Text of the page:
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Someone Has Remixed NASA Audio and Video into Something You Can Dance To

NASA has a vast collection of sounds and video from Earth and space, which has been begging to repurposed in artistic ways. Quindar is doing just that.

The project, created by Mikael Jorgensen of Wilco and James Merle Thomas, an art historian and curator, seeks to create sound- and videoscapes based on space exploration. The result is part EDM, part Eno-esque chillout, part Kraftwerk. This is from Air&Space Smithsonian.

On their debut album Hip Mobility, James Merle Thomas and Mikael Jorgensen—who call their musical project Quindar—weren’t interested in rewriting The Right Stuff or remaking Apollo 13. They wanted to explore the early decades of NASA and the pre-Shuttle space program, but from an oblique angle. “Countdown, blastoff—that stuff has been well covered,” explains Jorgensen, probably best known as a multi-instrumentalist in the critically acclaimed indie band Wilco. “We wanted to find little moments that were more humanizing.

The result of their search—one result, anyway—is a sequence of eight electronic compositions inspired by archival material from NASA and its contractors that Thomas began unearthing while earning his art history doctorate from Stanford University: sound recordings, bits of film, blueprints, documents. A few compositions, like the album-closing “Honeysuckle This Is Houston,” sample NASA radio transmissions directly. But the artifacts are more often an influence than an ingredient, says Thomas. “The project has a deep grounding in the fine-grained experience of looking at materials, walking around the interior of SkyLab — just soaking up the embodied knowledge of the place.”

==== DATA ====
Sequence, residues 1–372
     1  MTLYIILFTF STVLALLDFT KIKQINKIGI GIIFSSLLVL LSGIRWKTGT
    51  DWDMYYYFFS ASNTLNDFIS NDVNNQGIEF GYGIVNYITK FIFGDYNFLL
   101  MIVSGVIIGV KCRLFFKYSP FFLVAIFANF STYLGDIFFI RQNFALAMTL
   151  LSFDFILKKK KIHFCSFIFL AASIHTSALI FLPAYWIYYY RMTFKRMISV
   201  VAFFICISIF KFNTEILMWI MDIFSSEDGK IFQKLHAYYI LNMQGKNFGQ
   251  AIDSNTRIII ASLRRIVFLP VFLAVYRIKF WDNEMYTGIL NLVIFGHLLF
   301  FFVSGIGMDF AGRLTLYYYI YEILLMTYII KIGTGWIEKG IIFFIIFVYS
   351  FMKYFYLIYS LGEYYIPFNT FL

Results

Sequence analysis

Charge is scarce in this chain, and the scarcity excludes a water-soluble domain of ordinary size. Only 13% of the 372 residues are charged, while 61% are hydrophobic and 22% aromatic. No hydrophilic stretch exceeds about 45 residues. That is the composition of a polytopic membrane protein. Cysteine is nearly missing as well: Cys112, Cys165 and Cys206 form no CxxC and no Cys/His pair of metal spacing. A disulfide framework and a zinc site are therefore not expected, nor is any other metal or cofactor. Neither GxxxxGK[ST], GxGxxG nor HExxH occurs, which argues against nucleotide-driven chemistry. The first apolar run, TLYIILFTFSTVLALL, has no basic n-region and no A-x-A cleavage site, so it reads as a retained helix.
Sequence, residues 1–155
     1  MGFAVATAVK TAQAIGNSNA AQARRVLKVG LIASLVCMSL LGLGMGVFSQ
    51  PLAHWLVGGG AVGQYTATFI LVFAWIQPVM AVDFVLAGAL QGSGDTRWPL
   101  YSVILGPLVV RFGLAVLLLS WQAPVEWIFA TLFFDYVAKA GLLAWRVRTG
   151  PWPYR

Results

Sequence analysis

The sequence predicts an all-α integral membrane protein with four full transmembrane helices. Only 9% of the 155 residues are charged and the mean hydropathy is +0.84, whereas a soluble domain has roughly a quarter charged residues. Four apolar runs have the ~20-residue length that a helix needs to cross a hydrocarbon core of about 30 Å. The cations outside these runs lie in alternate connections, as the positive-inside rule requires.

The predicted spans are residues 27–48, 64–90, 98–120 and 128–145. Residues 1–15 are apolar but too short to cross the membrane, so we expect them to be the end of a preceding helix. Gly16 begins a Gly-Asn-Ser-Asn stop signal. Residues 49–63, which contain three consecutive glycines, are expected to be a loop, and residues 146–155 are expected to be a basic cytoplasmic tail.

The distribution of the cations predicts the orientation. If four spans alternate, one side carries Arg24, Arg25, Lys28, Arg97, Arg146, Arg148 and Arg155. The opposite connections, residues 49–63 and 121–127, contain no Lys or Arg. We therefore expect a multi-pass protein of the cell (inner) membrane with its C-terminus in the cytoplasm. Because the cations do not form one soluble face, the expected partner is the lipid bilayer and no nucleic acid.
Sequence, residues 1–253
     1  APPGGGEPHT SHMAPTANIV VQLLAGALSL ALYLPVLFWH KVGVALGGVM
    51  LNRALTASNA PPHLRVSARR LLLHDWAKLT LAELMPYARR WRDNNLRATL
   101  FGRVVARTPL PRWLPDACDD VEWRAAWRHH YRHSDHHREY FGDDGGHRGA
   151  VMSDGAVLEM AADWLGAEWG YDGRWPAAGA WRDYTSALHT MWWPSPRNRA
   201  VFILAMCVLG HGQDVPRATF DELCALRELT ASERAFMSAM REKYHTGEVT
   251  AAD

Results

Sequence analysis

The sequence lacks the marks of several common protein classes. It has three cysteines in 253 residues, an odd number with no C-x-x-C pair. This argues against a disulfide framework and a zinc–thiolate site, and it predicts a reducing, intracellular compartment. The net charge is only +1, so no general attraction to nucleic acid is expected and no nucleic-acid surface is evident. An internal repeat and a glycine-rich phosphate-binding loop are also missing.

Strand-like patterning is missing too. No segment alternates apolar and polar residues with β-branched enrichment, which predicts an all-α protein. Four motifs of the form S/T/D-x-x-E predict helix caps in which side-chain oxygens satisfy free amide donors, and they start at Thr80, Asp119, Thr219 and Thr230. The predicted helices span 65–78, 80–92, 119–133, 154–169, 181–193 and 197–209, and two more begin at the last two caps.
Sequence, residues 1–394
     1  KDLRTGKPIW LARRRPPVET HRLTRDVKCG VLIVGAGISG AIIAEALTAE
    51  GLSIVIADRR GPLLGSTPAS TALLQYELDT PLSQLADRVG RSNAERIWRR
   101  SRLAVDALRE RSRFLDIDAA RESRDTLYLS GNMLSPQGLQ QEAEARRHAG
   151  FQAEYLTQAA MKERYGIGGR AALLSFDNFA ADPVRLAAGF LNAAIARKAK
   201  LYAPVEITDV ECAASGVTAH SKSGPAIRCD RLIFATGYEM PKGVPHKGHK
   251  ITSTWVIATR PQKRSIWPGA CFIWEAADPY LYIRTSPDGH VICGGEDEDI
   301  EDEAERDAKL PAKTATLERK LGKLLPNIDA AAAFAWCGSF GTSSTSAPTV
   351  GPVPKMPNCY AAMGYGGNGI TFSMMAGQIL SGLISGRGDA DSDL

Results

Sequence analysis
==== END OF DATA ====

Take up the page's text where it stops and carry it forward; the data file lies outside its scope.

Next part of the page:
The duo chose the name Quindar after the familiar analog-synthesizer generated “handshake” tone that indicated a successful radio transmission during the Mercury and Apollo eras. “It’s got the coolest letter of the alphabet — Q — and it sounds post-war,” Jorgensen says. “Quindar! Like radar, like Telstar. To me it’s obvious that it’s rooted in this postwar moment.”

Read more.

Here’s a sample of Quindar can do. It’s fantastic background music for work.

Now check out this interview with Quindar on NPR.

Thanks to Boing Boing for the discovery!

Alan Cross

is an internationally known broadcaster, interviewer, writer, consultant, blogger and speaker. In his 40+ years in the music business, Alan has interviewed the biggest names in rock, from David Bowie and U2 to Pearl Jam and the Foo Fighters. He’s also known as a musicologist and documentarian through programs like The Ongoing History of New Music.

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One thought on “Someone Has Remixed NASA Audio and Video into Something You Can Dance To

  • If you like this you should check out Brian Eno’s Apollo or Clock DVA’s Sign. Both are excellent and the NASA samples just that something extra.


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